The front of the printer has a thumb drive port, the full sized SD card port and a USB-C port for connecting to a computer or Octoprint via a Raspberry Pi for wireless printing. It’s a great selection of ports, all easily accessible right at the front of the printer. And it’s the first printer I’ve seen with a USB-C port. There are also two SD card storage slots.
The printer has a V6 style hotend that can print at up to 260°C. I wouldn’t go much above 250°C since it’s not an all metal design and the PTFE lining will degrade at higher temperatures. Mingda supplies a spare piece of PTFE tubing if you manage to burn the installed one.
Mingda only lists PLA, ABS and TPU or Flex as supported materials but not PETG. I tried printing with all these supported filaments and also PETG.
The printer uses a belt driven dual Z-axis that should provide more accurate larger prints. The Z axes had a generous amount of grease applied to them, so be careful to not contaminate the build plate with greasy fingers.
Before starting on my test prints I updated the firmware. Copy the latest firmware for the mainboard and screen from Mingda’s website to the SD card and turn the printer on. The printer will then update itself.
You can print from either a USB stick or the supplied SD card. The SD card has a few test prints so for my first print I tried the Vase. Tap on print and then Vase. I used some Anycubic white PLA and it printed successfully in just under one hour 15 minutes.
It’s not actually printed in vase mode where the printer prints in one continuous spiral, so you can see the seam, but the print looks fine.
The Z-offset was a little high so I tapped on Baby Steps during the print to lower it slightly.
You can also adjust the Z-Offset from the home screen before a print. Any adjustments you make in Baby Steps are also saved here.
When you go to Z-offset you can’t actually move the nozzle to its zero position. This means you can’t use the usual method of sliding a piece of paper underneath the nozzle to check the offset. I think this would be easier for new users – it’s harder to adjust this on the fly while printing and requires some experience. Mingda has told me they’ll add this feature to an upcoming firmware release.
The printer uses a coated glass bed and PLA stuck to the bed well, but prints were tricky to remove. You should let the bed cool down but I still found the prints quite difficult to remove with the coating Mingda uses. I pretty much always had to use a spatula, sometimes with a lot of force.
You can try raising the Z-offset slightly or use some bed adhesive like 3DLac, Magigoo or glue stick which should help the prints release – but I still needed the spatula in most cases.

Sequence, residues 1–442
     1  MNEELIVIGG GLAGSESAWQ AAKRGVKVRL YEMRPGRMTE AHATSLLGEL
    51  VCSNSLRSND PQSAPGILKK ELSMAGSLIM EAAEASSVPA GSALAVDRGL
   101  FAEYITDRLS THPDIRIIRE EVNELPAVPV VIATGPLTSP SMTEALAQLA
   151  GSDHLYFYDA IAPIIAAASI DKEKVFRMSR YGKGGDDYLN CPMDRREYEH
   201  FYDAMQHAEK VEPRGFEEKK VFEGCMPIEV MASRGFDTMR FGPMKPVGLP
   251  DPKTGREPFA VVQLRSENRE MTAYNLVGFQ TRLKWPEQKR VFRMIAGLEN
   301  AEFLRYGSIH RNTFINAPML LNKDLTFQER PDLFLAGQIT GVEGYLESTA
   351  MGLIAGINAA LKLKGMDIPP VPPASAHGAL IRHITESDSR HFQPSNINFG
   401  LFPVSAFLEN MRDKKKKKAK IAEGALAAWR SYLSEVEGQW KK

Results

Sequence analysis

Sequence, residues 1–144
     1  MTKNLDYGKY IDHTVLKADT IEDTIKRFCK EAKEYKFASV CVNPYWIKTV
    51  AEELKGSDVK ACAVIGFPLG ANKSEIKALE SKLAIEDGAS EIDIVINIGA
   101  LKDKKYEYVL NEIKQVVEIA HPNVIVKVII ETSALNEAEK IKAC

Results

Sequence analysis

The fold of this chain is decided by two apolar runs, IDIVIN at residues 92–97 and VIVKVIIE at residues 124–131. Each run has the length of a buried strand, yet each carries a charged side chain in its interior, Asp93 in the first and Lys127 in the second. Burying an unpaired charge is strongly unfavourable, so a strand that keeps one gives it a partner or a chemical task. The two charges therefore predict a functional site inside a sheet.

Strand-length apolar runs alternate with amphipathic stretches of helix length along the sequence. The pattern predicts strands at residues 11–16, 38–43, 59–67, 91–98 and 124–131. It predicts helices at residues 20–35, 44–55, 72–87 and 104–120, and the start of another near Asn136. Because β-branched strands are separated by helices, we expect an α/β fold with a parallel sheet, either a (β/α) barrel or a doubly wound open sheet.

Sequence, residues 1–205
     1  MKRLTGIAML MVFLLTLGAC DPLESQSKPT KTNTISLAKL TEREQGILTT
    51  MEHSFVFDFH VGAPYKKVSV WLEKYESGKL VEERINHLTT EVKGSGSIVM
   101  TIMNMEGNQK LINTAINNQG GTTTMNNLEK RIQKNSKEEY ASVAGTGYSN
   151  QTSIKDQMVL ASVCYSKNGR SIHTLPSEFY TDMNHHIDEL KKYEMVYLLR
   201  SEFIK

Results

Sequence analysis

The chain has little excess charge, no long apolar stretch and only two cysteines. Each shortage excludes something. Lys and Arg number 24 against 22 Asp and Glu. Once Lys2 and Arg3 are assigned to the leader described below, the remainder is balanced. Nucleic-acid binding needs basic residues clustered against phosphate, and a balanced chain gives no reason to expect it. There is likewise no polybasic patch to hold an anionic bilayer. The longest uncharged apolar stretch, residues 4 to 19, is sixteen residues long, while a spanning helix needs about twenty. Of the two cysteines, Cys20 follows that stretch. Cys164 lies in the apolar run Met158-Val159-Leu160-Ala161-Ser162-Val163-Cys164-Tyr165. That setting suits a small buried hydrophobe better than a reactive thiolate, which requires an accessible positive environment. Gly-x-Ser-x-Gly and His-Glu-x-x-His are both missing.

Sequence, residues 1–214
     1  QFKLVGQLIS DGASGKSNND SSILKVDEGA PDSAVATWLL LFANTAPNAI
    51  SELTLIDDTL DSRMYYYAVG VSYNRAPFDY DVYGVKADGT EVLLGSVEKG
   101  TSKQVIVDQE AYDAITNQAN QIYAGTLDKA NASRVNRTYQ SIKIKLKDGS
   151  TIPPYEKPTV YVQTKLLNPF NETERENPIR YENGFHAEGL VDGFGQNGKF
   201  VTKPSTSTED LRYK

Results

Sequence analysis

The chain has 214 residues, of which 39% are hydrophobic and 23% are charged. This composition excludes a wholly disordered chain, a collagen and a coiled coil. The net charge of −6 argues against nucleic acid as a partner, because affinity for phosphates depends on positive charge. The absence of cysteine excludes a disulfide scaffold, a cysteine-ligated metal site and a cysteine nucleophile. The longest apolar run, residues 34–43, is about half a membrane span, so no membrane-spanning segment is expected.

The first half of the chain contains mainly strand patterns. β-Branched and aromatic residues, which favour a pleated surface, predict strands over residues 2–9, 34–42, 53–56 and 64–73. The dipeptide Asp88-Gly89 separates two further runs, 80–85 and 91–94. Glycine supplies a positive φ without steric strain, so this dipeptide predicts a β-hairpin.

If you’re using something like Magigoo or glue stick you can squirt a little water or IPA which should help release your print more easily.
A removable PEI sheet makes life so much easier especially for beginners. You can simply pull the sheet off, flex it once or twice and the print pops off. You don’t even need to wait for it to cool down. Still the glass bed works ok for PLA and you won’t need to run the bed levelling very often.
I sliced my own models in Cura which is the recommended slicer – the program that converts your 3D models into so-called g-code that the printer can process. You’ll need to add the printer manually in the current version of Cura. The manual guides through the setup and includes a profile for PLA on the SD card which you can import. And you can download profiles for ABS and TPU from their website. Alternatively if you download Cura version 5 which is just coming out of beta, the printer has already been added for you.
To test the automatic bed levelling I printed the Fab365 A-Team van. This uses most of the bed and also tests the tolerances of the printer. This is a long print and took 11 hours to complete. The glass bed is removable with a single clip at the front, and I placed it in the freezer for 5 minutes to release the print.
This print is foldable and came out ok, but some of the joints did fail trying to assemble it.
I also printed a calibration cube to test the accuracy. It should measure 20mm in all directions and was a little off but looked ok quality-wise.
Next I printed the 3DBenchy in just over 1 hour 17 minutes which looked good apart from a small amount of ghosting or ringing around the holes at the front of the boat. This is one disadvantage of direct drive over a typical bowden style printer – resulting from the heavier print head which has to include the extruder.
I printed this twisted vase in vase mode which prints in one continuous spiral. You just need to tick Spiralise Outer Contour in Cura. It’s a great way to print quickly and it checks for any inaccuracies in the Z axis. The vase came out very well with no artefacts.
I also printed these stackable storage containers again in vase mode which you can print in several sizes. They also printed very well in 3DQF titanium white.
All these prints were at the standard 0.2mm layer height and the default 50mm/s print speed. Mingda claims a maximum print speed of 80mm/s so I tried printing the 3DBenchy again at this faster speed. The included profile has Lift Head enabled under Cooling in Cura which made a mess of the chimney and slowed down the print. But even printing the model again with this disabled the print wasn’t any faster. I’d have to experiment further to speed up PLA prints.
Like loading filament, removing filament is also harder than it should be. There’s no automatic way to unload filament – you can’t even run the extruder backwards.
I found the most reliable method was to get the nozzle up to temperature, release tension on the extruder tension lever and push some filament out of the nozzle and then pull upwards to remove the filament. But occasionally I did get a small piece of filament left behind, stuck in between the extruder gears that I had to remove with some needle nose pliers.
Next I tried printing some flexible filament to print a new bumper for my son’s RC car. This printed very well with barely any stringing – another advantage of this direct drive setup. This was printed with FilaTech FilaFlex 40 which is good for the bumper but you can get far more flexible filaments like this NinjaFlex that would be a challenge for Bowden style printers.
But even with Mingda’s direct drive setup I found it very difficult to load the NinjaFlex into the extruder and even once loaded I didn’t manage to get a successful print. The filament runout sensor also didn’t recognise the deep blue filament so I had to turn off the sensor in the settings. I’ll persevere and update the accompanying written article at thetechnologyman.com if I have any success.